However, this attempt to conflate the issue of human rights with Thai cultural identity necessarily implies that within Thailand, an individual’s rights are respected only when they do not conflict with the cultural imperative, and that they are therefore, to be considered to be of only relative importance, and not something absolute.
In this regard, this Facebook message is apparently correct in its assertions, as its rationale appears to be rather in line with this latest court decision. This does not however, mean that it must at all follow that such a rationale is a viable approach to resolving such a given situation.
Implying as it does, that those who for what ever reason are not identified with a particular cultural paradigm would do better to stay well out of the way, smacks of intolerance towards the outsider, and is not indicative of a constructive debate.
Moreover, the EU statement might have been made by any dispassionate observer of the situation, and it evidently did not appeal to a sense of wanting to in any way diminish Thai culture. Therefore, it is unfortunate whenever there is an appeal to a sense of indignation that non-Thais are unduly interfering in Thai domestic affairs.
But the thing to remember here, is that it is not so easy to convincingly dismiss the key point that was actually made by the EU. Moreover, such a critique remains just as valid, whether or not it happened to have been made by a Thai or non-Thai observer of the Somyot case.
To some extent, Thai NGOs have been outspoken in openly challenging the court’s decision. Yet for many, these NGOs are considered to be so purely aligned to the aspirations of the Red Shirt movement, that their arguments are almost entirely disregarded by those who may happen to disagree with their politics.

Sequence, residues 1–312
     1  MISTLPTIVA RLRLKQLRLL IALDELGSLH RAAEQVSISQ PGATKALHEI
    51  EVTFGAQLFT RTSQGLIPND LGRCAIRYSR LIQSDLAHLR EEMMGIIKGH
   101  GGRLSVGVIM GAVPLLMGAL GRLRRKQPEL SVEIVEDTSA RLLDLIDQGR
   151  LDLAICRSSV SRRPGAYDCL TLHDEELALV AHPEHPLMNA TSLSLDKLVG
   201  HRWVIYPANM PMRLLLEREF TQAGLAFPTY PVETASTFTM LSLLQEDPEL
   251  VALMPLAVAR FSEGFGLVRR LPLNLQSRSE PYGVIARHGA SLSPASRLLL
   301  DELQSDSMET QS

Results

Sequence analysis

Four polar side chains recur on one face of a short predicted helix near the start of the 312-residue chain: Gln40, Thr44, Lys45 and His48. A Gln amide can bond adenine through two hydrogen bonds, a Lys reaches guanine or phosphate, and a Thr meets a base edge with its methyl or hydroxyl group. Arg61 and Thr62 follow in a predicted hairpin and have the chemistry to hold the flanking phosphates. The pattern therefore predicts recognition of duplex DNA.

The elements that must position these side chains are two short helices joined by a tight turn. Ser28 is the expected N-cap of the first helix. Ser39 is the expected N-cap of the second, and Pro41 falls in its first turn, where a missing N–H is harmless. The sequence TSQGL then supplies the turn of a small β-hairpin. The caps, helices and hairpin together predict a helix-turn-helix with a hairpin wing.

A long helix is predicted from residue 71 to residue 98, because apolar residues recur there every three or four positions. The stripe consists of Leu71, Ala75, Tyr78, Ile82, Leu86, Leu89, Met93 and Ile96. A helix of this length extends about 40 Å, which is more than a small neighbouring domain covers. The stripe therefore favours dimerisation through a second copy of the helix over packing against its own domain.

Despite the reasoning of many who continue to perceive the question of freedom of expression as contingent on how it relates to the political Red-Yellow paradigm, this limited perspective only acts to relegate the question of human rights to the level of political gamesmanship.
That Somyot was an editor of a Red Shirt publication means that for many Thais, they cannot see through to the essential importance of the principle of rights, which must be applied equally to all under the law, regardless of political affiliation. It is this state of moral confusion that ultimately acts to undermine all of our intrinsic rights.
If we believe in rights at all, then fundamental human rights cannot be regarded as something negotiable, to be applied as and when it suits any one particular interest group, when it finds itself in the fortuitous position of power.
Historically, and around the world, where significant progress has been made in relation to these essential questions, it is precisely because human rights have been held up as an issue of such fundamental importance, that it must transcend politics and societal variances. So, in the words of Mahatma Gandhi: “Freedom is not worth having if it does not include the freedom to make mistakes.”
This may be a perspective that all Thais would do well to consider, especially when discussing freedom of expression in the context of the Thai cultural heritage. As the world changes over time, we should now more than ever before, fully consider the freedoms that we have never had, in order to create for ourselves a democratic spirit favourable to a constructive national debate, and most importantly perhaps, the necessary commitment to freedom of expression for all.
Titipol Phakdeewanich is a political scientist at the Faculty of Political Science, Ubon Ratchathani University.